For smoking your own food at home, there are two primary methods available: in your kitchen using a stovetop smoker and outside using a charcoal cooker/smoker. Even though both of these methods cook food through the application of heated smoke, they each produce different results. The differences are rooted in the cooking temperature of each method, and are worth understanding as you begin smoking your own food indoors.
A typical outdoor smoker will use charcoal and wood chips to produce smoke and heat. during use the food is situated so as not to be in the direct heat. It cooks via the indirect heat that is carried by the smoke. This means the the cooking temperature is low (180º-230º usually).
A stovetop smoker uses much smaller wood chips (wood shavings, really) and the heat from your stovetop. The small size of the smoking vessel means that the food is directly over the heat, and the enclosed cooking area retains heat. Here the temperatures are a lot higher (300º-350º).
The lower temperature achieved in outdoor smoking is ideal for making BBQ, which requires several hours of low heat. The cuts of meat most often used in BBQ have a lot of collagen and other connective tissues in them. These are tough to eat, and tougher to cook since they can turn into inedible gristle with too much heat. However, these same tissues can, when exposed to the lower heat of a smoker for a long time, break down into soft gelatin. As these tissues break down the meat falls apart and becomes very tender. The time that this requires allows for another great BBQ phenomenon: bark. This is the tasty crust formed on the outside of smoked meat. It requires a spice rub and cooking time to achieve.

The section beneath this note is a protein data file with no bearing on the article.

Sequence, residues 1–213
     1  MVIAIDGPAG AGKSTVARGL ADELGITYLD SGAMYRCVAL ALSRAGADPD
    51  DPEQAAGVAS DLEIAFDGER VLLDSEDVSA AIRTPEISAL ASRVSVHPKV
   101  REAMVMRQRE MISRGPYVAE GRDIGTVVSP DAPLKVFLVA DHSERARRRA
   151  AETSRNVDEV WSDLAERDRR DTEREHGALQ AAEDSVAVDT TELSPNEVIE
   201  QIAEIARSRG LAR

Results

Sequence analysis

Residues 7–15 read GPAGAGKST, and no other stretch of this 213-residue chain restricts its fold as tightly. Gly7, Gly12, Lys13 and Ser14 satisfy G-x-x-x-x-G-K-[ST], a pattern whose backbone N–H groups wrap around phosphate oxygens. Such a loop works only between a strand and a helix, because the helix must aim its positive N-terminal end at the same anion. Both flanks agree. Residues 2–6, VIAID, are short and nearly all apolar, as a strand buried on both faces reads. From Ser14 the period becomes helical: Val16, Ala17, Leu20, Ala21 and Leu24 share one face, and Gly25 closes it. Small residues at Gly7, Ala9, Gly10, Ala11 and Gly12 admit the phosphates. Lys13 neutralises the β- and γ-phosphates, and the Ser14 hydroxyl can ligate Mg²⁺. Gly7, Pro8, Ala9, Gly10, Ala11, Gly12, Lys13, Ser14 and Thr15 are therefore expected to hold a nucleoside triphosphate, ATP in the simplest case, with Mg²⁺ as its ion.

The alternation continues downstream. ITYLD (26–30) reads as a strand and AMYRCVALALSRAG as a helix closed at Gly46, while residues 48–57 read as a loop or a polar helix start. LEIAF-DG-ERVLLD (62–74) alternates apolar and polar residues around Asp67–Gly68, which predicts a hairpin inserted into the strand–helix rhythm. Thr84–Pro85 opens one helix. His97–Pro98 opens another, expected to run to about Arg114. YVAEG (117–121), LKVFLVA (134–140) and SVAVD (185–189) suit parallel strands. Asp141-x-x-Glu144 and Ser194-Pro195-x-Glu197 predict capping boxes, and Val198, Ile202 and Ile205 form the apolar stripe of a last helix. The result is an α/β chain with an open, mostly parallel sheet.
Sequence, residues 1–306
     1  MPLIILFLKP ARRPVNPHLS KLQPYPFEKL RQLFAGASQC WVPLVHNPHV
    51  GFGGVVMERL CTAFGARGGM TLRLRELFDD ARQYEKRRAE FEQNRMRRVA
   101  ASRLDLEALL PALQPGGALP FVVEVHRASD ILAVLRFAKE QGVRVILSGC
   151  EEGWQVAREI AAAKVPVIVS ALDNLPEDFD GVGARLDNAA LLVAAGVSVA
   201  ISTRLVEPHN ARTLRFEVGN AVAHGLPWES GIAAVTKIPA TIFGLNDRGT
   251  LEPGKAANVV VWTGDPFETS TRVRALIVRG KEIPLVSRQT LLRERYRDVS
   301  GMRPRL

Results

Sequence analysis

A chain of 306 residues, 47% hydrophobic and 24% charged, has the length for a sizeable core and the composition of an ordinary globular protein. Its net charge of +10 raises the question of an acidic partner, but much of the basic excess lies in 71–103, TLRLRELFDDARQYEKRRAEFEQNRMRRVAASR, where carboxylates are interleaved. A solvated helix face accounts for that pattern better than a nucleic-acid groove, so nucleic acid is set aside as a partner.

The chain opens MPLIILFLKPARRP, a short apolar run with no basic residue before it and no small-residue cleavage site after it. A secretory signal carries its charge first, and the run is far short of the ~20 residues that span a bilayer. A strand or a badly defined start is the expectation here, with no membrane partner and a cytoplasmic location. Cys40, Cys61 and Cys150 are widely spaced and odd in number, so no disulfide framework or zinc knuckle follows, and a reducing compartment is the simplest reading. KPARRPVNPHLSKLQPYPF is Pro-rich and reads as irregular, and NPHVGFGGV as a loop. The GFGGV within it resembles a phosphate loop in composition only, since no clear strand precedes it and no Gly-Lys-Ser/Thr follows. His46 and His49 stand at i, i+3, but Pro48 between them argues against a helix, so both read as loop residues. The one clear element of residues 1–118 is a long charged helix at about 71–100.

Of course throughout this process the smoker will need attention and tending (adding more wood chips, changing the coals, rotating the meat, etc.) You also need the right space to use a smoker (being an apartment dweller, I do not have access to such a space) and good enough weather to be out side tending to the process. It’s a lot of hard work, but well worth the effort.
Stovetop smoking is a different animal. Since it smokes at a higher temperature, much less time is needed to cook your food. Obviously these temperatures are too high to get that nice breakdown of collagen into gelatin that BBQ needs. (There are ways to utilize a stovetop smoker as part of a process that can achieve reasonable BBQ results, which includes use of the oven and a long cooking time. We have a recipe for ribs that you can try here.)
However, this higher cooking temperature offers some advantages when cooking foods that don’t require a breakdown of collagen. Chicken, sausages, fish, pork loin, and many other proteins will cook as quickly in a stovetop smoker as they will in the oven, but now will have a delicious smoked flavor. Vegetables also work very well in a stovetop smoker (try smoked mashed potatoes or smoked applesauce, for example). Since these foods cook just as quickly in the stovetop smoker as they would otherwise it’s very simple to incorporate the stovetop smoker into your meal planning. (By the way, even though it’s called a stovetop smoker you can use it just as effectively outdoors on your grill.)
The primary difference between stovetop smoking and conventional outdoor smoking is one of temperature, which in turn leads to a difference in cooking time. Each method offers it’s own advantages. Stovetop smoking is not a substitute for conventional smoking methods, but rather an easy way to cook with great smoked flavors any time you want.